All throughout the winter — and for the last few winters, really — the Philadelphia Phillies have been the go-to for easy jokes to make about seemingly terribly-run baseball teams. We’ve wrung years of hilarity out of the Ryan Howard extension, dating to basically the exact moment it was signed. We cringed at the riches awarded to the declining Jonathan Papelbon in an era where teams are getting smarter about the values of closers. We watched GM Ruben Amaro, Jr. squeeze a few more good years after Pat Gillick’s 2008 World Series champs once he was promoted in Nov. 2008, then ride the team downward from 102 wins in 2011 to 82 in 2012 to 73 in 2013, all while refusing to trade any of the team’s clearly aging core. Just days ago, the Sporting News ranked all 30 GMs. Amaro came in last, and while none of those rankings have a lot of science to them, it’s hardly the first time.
And really, it was a different kind of bad for the Phillies. The Astros are worse on the field, and so are the Cubs. But those teams, and others like them, seemed to have a plan. They were willing to suffer the pain of 100-loss seasons in order to rebuild barren farm systems. They’re not there yet, but they’re both going in the right direction. The Phillies, meanwhile, refused to trade Cliff Lee or Cole Hamels or Chase Utley or Jimmy Rollins for talent that could have been on track to form the core of the next good Phillies team with J.P. Crawford and Jesse Biddle. Amaro, likely with his own employment status in mind, chose to retain or re-sign all while reloading with the likes of Michael Young and Delmon Young in 2013, then to get even older with his main moves for 2014:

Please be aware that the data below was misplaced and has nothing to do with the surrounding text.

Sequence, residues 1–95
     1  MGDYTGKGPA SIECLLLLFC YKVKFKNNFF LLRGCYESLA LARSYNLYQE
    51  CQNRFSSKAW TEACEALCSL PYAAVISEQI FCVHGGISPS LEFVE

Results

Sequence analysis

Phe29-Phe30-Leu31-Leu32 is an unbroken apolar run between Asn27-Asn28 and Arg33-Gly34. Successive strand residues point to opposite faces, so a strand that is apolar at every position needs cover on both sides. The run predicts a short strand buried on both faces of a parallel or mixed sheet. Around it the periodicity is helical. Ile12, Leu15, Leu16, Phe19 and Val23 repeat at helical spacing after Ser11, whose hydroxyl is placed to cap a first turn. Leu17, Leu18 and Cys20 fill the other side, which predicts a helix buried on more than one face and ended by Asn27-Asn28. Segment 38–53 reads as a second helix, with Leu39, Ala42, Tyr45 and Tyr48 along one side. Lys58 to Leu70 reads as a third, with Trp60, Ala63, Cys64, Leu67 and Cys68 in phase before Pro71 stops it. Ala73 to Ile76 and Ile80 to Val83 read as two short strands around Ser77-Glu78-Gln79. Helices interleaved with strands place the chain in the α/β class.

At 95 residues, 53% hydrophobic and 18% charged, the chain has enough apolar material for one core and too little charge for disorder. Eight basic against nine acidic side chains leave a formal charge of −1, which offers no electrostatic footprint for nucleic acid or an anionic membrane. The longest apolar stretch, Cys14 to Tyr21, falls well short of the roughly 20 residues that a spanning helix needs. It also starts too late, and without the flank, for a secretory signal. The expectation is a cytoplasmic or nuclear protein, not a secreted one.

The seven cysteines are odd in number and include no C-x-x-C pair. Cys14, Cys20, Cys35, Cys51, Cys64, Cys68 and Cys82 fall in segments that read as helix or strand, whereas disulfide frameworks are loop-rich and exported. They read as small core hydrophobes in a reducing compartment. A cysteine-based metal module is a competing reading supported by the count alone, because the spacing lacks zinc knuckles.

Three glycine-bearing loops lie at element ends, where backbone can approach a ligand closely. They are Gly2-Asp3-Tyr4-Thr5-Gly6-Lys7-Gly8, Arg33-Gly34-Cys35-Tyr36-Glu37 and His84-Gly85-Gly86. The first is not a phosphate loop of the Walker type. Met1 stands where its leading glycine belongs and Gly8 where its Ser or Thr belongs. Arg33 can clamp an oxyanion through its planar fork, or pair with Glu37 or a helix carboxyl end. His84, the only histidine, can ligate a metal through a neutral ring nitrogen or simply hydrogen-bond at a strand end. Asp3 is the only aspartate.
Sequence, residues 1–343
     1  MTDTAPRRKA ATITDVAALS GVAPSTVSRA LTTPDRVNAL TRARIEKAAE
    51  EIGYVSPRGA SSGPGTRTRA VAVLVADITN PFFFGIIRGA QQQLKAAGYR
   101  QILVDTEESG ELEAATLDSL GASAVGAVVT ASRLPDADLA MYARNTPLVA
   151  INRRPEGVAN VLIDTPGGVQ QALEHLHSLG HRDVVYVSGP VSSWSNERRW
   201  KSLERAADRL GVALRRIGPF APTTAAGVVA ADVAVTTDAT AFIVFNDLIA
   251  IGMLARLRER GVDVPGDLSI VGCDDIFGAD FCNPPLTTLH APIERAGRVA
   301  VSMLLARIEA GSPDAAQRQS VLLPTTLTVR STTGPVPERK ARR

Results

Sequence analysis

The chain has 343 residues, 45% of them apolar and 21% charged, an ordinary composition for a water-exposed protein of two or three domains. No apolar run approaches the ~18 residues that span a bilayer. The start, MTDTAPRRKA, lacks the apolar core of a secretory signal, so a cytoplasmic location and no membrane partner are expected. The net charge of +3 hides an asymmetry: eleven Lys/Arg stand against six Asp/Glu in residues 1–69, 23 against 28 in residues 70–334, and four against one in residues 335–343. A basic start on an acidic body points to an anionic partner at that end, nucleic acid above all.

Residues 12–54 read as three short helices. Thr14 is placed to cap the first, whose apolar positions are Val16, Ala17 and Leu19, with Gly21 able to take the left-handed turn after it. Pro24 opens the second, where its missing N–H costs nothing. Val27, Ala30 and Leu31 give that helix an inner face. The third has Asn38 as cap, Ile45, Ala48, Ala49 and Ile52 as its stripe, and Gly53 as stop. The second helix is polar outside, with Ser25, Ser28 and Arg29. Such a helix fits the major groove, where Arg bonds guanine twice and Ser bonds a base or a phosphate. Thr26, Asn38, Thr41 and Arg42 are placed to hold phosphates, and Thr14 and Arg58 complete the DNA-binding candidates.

- Retain 35-year-old catcher Carlos Ruiz for three years and $26.5 million
- Add 36-year-old outfielder Marlon Byrd for two years and $16 million, plus attainable 2016 option
- Import 37-year-old pitcher A.J. Burnett for one year and $16 million
- Sign 33-year-old not-Fausto Carmona Roberto Hernandez for one year and $4.5 million
If there was an overall plan other than stubbornness, it was difficult (if not impossible) to see what it was. At an average 31.2 years of age, their hitters are older than any team other than the ancient Yankees. Their pitchers, at 31.3 years, are tied behind only the Giants. This is an old team that wasn’t expected to win this year, and isn’t winning this year. They’re sitting in last place at 22-27, with just one more win than Houston, and their projected 75-87 isn’t that far off from what many would have figured in March; that our projections don’t have them landing in last place says more about the forever in-turmoil Mets than it does the Phillies.